January 26th, 1908 — March 1st, 1964
Dennis Moore starred or co-starred in six different serials, but unlike most leading men with multiple serial credits, he has never had a fan following; he remains the most overlooked of cliffhanger leads. Moore had all the standard attributes of a serial hero–good looks, athletic ability, and a commanding voice–but he simply lacked the charisma of Clayton Moore, Buster Crabbe, Allan Lane, and other, more popular serial heroes. He was a sturdy but unexciting actor, and rarely managed to give his performances the extra spark of personality which can make a simply-written part seem more interesting. However, he was a reliable presence in the world of serials and B- westerns, and could always be depended on for a solid, if uninspired, performance.
Moore was born Dennis Meadows in Fort Worth, Texas. As a young man, he developed a strong interest in both acting and aviation; he worked his way towards a pilot’s license while simultaneously working with local theatrical companies. Upon earning his license, he set out to pursue flying as a full-time career, but was injured in a crash and forced to return to acting. He wound up in Hollywood around 1932, and broke into films as a stuntman and bit player in various B-movies and serials; among the latter were Gordon of Ghost City (Universal, 1933) and Burn ’em up Barnes (Mascot, 1934), which featured him in uncredited bits as a cowboy and a film crewman, respectively. He had somewhat larger but still uncredited parts in The Red Rider (as a cowhand named Slim) and Tailspin Tommy (as a pilot named Herb Slack; he probably handled some of the aerial stuntwork in this serial as well); both cliffhangers were released by Universal in 1934. Following these early entries in his serial filmography, Moore landed his first credited part, the role of heavy in the 1935 John Wayne B-western The Dawn Rider. Throughout the rest of the 1930s and into the early 1940s, Moore played villains and other supporting characters in western and non-Western B-films, and occasional supporting parts in A-films like Warner Brothers’ China Clipper; he supplemented his movie earnings with a regular job as a flight instructor at the Whitman Airport in the San Fernando Valley.
Above, left to right: Horace Murphy, an unidentified player (in far background), Walter Miller, Bud Osborne, Charles A. Browne, another unidentified player, and Dennis Moore in Tailspin Tommy (Universal, 1934).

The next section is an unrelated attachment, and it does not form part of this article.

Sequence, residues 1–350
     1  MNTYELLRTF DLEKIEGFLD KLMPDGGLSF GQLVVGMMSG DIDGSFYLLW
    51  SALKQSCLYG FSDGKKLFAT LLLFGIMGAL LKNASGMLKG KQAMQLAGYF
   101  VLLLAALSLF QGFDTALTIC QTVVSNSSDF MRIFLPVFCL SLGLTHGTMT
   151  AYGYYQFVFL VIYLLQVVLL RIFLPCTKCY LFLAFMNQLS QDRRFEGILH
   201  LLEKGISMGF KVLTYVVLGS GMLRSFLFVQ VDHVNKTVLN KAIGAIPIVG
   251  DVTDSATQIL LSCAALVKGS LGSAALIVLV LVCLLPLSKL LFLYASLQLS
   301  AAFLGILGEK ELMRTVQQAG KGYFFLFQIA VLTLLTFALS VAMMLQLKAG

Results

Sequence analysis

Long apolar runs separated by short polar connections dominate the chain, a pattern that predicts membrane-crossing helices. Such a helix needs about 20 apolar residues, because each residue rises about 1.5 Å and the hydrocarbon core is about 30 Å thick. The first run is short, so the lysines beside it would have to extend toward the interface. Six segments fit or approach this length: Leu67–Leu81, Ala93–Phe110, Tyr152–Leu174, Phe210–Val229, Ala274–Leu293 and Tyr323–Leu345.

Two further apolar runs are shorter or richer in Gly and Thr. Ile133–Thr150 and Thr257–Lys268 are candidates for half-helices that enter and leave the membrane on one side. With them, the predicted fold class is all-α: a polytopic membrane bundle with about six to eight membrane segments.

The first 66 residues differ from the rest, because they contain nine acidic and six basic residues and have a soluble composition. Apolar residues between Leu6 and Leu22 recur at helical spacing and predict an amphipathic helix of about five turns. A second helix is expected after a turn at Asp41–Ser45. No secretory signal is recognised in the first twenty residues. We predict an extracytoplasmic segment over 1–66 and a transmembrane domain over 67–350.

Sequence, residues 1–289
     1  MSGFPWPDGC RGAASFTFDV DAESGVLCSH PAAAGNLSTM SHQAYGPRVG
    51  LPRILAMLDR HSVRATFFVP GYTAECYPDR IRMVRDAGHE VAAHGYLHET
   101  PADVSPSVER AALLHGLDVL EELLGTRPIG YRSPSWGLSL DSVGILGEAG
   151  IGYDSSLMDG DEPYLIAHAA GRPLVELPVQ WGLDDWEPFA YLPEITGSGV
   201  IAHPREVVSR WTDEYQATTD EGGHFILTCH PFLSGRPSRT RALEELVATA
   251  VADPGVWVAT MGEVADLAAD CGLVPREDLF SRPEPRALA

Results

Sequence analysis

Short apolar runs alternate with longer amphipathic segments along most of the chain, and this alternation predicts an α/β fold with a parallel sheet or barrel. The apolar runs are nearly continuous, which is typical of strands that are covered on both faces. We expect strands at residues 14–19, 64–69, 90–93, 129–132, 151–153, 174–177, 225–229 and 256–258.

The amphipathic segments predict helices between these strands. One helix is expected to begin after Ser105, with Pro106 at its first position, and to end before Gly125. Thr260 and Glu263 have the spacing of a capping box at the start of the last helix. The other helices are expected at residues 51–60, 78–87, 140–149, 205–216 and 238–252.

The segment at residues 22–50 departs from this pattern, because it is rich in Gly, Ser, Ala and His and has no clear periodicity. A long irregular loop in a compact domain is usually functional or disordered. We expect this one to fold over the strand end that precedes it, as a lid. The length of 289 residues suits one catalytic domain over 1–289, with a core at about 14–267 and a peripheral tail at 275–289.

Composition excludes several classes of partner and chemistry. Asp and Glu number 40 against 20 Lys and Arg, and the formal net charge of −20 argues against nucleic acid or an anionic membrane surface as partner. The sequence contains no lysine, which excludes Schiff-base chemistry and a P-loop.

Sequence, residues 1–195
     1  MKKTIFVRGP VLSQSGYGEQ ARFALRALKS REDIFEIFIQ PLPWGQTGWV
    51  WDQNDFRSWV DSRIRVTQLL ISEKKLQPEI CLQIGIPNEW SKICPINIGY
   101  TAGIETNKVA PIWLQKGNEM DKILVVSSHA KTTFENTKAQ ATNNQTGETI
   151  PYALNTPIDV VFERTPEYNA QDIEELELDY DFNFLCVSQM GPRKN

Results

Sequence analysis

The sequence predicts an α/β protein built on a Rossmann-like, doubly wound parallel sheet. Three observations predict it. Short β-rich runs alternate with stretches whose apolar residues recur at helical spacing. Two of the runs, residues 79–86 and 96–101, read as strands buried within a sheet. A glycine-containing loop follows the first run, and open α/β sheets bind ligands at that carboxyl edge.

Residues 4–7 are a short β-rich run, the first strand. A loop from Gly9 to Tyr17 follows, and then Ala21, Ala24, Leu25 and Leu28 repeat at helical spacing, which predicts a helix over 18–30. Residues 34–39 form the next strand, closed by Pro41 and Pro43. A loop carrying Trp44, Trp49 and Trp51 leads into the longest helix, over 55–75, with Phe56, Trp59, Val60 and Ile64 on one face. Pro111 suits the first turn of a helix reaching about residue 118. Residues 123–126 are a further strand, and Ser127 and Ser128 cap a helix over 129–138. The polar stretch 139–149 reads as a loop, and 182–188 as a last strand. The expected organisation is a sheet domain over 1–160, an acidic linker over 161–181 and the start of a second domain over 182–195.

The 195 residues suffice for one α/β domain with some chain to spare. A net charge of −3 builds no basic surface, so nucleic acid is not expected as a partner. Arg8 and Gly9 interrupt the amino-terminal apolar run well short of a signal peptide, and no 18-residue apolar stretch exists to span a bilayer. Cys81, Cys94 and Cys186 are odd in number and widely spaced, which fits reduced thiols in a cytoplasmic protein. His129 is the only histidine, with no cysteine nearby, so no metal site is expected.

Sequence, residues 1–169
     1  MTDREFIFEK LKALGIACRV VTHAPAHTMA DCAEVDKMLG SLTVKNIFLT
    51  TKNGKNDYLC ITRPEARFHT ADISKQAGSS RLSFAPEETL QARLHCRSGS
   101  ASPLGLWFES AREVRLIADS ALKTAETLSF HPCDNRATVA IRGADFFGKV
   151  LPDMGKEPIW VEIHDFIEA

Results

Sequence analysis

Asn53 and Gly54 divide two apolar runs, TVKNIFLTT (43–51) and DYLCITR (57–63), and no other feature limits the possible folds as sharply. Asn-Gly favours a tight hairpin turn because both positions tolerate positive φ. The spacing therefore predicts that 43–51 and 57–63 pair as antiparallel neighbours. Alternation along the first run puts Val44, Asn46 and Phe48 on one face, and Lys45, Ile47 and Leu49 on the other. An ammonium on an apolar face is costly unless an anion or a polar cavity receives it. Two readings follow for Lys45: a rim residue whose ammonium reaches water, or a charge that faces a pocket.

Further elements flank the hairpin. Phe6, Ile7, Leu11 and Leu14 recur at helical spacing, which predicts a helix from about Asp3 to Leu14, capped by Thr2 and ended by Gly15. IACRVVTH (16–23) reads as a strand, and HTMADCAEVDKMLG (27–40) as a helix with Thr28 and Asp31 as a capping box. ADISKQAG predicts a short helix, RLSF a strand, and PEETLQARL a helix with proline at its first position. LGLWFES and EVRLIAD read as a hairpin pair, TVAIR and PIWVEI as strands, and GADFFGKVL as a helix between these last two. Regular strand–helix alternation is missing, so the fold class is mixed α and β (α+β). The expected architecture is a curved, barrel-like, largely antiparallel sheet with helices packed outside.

In the early 1940s, Moore graduated from playing villains and heroine’s brothers in his B-westerns, and landed co-starring roles in three different B-western series. In 1942, he played secondary hero to George Houston in PRC’s Lone Rider films, while in 1943 he served as co-hero with Ray Corrigan in the Range Busters series at Monogram. Finally, in 1944, he played secondary hero to Jimmy Wakely in Song of the Range (also at Monogram); he would continue as a regular Wakely co-star for the rest of the 1940s. Following these leads in Western features, Universal Pictures cast him in a Western serial, 1944’s Raiders of Ghost City. This cliffhanger took place near the end of the Civil War, and pitted Moore, as Union Secret Service agent Steve Clark, against a band of Confederate raiders who were being used as unwitting catspaws by Prussian agents. The serial was a talky but interesting period spy thriller; Moore was overshadowed by the livelier performances of most of his co-stars (particularly Joe Sawyer as his roguish and wisecracking investigative partner), but handled his dialogue (and the action scenes) capably and authoritatively.
The year after Raiders of Ghost City, Moore appeared in a second Universal serial, The Master Key; like Raiders, Key was an espionage serial, but was set in the modern era. Milburn Stone starred as a federal agent battling a Nazi spy ring; the Nazis (headed by Addison Richards), were after a gold-producing machine invented by scientist Byron Foulger. Stone was the serial’s principal hero, but Moore’s character, police detective Jack Ryan, was a prominent and likable co-hero, and shared in most of the cliffhanger’s action. Moore also got to exchange some amusing banter with Stone and with heroine Jan Wiley, and delivered the liveliest performance of his serial career, leavening his typically businesslike performance with a touch of deadpan humor.
1945 also saw the release of Moore’s only cliffhanger for Republic Pictures, The Purple Monster Strikes. This chapterplay remains the best-remembered of Moore’s serials, due to its combination of a memorably weird science-fiction plot with Republic’s typically excellent action sequences. Moore played Craig Foster, an attorney for a scientific foundation and a former Secret Service agent, who found himself opposing a Martian invader known as as the Purple Monster (Roy Barcroft). The Purple Monster was out to steal the plans for a rocket designed by Professor Cyrus Layton (James Craven), with the ultimate intention of using the rockets in an invasion of Earth. To further his ends, the Monster killed Layton and assumed his body as a disguise, which made Foster’s task of thwarting him doubly difficult. While Roy Barcroft’s colorful villainous characterization was definitely the main attraction in The Purple Monster Strikes, Moore delivered another workmanlike performance, delivering scientifically implausible dialogue in the most matter-of-fact manner and not even rolling his eyes when called on to utter the rather bizarre name of his antagonist.